Using high-resolution data obtained from the Space Telescope Imaging Spectrograph aboard the Hubble Space Telescope, Wesleyan University Professor of Astronomy Seth Redfield can show the conditions the Sun encountered traveling through space over the past 5 million years.
Redfield will present his findings Jan. 12, 2022 as part of a press conference associated with the American Astronomical Society’s previously planned annual conference. This work was a close collaboration of Redfield with Hunter Vannier ’20, and a major component of Vannier’s senior thesis. Vannier is now a PhD student at Purdue University working on lunar mineralogy.
By focusing on eight paths, each of which is within 200 light years along the Sun’s historical trajectory, Redfield and his lead-author Vannier can reconstruct the composition of the Earth’s most recent interstellar environment and evaluate its effects on the Sun’s heliosphere (the protective magnetic field surrounding our solar system).
“When you look at the night sky it looks kind of the same as it did yesterday, so we have a sense that the universe is static,” Redfield said. “But it is dynamic and changing. Some things change on short-term scales that we are used to – stars can have a flare or the planets can align or there can be a solar eclipse. But the Earth and the Sun have been around for four and a half billion years. So, we need to conceptualize changes around that time scale.”
Redfield’s research focuses on the local interstellar medium (LISM), which is the gas and dust that exists between the stars. The most common example of particles in space interacting with a magnetic field can be seen in the spectral, shimmering light of the Aurora Borealis. The heliosphere provides a similarly protective shield for us at the edge of our solar system.
The local interstellar medium is a complex environment, comprised of a suite of interstellar clouds extending 50 light years and surrounding the nearest stars. The Sun entered the local interstellar cloud, the material that currently surrounds the solar system, approximately 64,000 years ago, and is expected to exit this cloud within a few thousand years.
“Our Sun, indeed all stars, expel particles that push against their surrounding interstellar medium and create a protective bubble, called the heliosphere. As our solar system journeyed through our galaxy, the Milky Way, the Sun’s heliosphere may have been significantly compressed by a dense cloud of gas and dust,” Redfield said.
The properties of the local interstellar medium are important in understanding the interaction between the Sun and other stars with their surrounding interstellar environments, Redfield said. The variability in the LISM over millions of years may have had an impact on the energy and quantity of particles raining down on the Earth and influenced the cloud cover and biological mutation rates.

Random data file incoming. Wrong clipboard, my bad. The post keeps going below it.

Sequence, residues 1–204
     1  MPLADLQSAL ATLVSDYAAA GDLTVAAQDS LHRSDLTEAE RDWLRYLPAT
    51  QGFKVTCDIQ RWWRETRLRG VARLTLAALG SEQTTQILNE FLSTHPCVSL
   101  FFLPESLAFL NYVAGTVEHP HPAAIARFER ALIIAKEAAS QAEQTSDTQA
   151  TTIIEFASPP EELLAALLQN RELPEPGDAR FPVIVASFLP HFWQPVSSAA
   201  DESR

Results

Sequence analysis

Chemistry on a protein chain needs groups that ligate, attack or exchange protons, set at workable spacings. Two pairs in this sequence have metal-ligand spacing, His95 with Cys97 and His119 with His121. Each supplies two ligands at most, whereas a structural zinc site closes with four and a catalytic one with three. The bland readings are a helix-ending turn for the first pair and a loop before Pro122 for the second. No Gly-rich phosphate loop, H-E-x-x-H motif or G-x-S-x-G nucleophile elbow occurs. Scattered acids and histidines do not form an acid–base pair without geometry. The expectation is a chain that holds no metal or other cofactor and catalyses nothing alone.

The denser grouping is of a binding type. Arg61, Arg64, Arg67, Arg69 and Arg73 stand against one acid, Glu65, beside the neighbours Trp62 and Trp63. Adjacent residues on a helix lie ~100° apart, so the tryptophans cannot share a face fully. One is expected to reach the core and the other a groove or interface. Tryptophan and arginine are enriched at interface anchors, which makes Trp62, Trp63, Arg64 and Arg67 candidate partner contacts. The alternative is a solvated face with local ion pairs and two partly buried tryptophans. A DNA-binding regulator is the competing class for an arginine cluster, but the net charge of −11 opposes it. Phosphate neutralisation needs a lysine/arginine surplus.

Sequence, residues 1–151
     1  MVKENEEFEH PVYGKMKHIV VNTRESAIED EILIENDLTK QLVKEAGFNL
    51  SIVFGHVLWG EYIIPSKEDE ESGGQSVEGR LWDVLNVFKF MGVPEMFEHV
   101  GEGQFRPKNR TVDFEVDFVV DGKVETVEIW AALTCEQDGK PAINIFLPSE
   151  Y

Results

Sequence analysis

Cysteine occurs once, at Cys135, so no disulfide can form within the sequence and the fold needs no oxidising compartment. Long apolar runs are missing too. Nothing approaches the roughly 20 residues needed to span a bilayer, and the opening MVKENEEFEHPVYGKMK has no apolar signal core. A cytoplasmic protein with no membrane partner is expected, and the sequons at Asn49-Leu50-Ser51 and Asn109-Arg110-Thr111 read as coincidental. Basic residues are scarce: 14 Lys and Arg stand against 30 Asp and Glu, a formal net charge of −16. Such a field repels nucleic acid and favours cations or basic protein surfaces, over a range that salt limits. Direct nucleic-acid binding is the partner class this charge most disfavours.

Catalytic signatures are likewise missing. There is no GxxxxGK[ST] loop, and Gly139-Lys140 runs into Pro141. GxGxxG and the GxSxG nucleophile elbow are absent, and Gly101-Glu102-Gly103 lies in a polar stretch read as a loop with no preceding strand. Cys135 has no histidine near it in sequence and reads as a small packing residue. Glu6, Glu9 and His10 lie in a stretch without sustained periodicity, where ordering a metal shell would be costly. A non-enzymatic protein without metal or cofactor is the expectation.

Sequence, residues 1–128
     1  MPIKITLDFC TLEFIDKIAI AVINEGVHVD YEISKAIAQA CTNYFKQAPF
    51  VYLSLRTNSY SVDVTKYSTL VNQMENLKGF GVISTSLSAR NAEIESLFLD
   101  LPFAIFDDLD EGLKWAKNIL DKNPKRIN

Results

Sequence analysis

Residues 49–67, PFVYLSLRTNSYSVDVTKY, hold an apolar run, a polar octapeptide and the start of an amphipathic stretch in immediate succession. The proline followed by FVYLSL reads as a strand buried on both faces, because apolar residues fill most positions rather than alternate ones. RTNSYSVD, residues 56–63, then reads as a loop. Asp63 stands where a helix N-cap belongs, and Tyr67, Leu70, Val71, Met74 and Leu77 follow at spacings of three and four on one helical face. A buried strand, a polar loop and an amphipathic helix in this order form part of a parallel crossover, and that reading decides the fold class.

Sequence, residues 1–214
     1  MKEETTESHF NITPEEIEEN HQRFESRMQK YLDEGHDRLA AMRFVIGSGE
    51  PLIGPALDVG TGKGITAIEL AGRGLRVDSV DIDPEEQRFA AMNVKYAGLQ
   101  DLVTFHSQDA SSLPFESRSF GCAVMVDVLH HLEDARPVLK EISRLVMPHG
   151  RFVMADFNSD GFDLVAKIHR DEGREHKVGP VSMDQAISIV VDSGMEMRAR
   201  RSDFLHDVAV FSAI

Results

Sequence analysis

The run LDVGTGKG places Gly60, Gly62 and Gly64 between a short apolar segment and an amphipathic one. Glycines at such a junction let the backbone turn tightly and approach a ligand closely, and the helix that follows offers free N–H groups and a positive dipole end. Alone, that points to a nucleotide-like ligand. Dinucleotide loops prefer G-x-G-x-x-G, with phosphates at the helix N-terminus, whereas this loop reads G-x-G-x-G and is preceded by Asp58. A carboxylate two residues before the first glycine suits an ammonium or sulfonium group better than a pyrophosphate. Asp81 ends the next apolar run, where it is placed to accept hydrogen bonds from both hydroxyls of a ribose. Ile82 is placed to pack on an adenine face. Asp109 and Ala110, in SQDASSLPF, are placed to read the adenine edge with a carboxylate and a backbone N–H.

Redfield’s findings give a sense of the conditions in the universe that might contribute to the conditions on planets and may even influence the evolution of complex life. “For example, we know that there is a large variation in the effectiveness of organisms DNA repair mechanisms. Simple life is overly capable of DNA repair, and therefore can exist in a wide range of seemingly hostile environments, while complex life, like humans, are just able to repair DNA damage in our current environment. I am excited to pass along these results to my astrobiological colleagues and explore the implications that a changing radiation environment could have on the evolution of life,” Redfield said.
Using the information gleaned from our own solar system, Redfield can start to evaluate the protective interface present around other stars and planetary systems. Not only is Redfield and Vannier’s research applicable to the heliosphere in the past, the same technique can be used to extrapolate what might happen to the heliosphere millions of years in the future.
“This isn’t just about the Earth. This is something that is happening everywhere,” Redfield said. “For the past, I can tell you what the Sun went through. We can do this for the future as well.”
For more information about Redfield’s work, visit his website.
The project was supported by NASA HST Grant GO-14084 awarded by the Space Telescope Science Institute, which is operated by the Association of Universities for Research in Astronomy, Inc., for NASA, under contract NAS 5-26555, and funding through undergraduate research fellowship from the Connecticut Space Grant Consortium.
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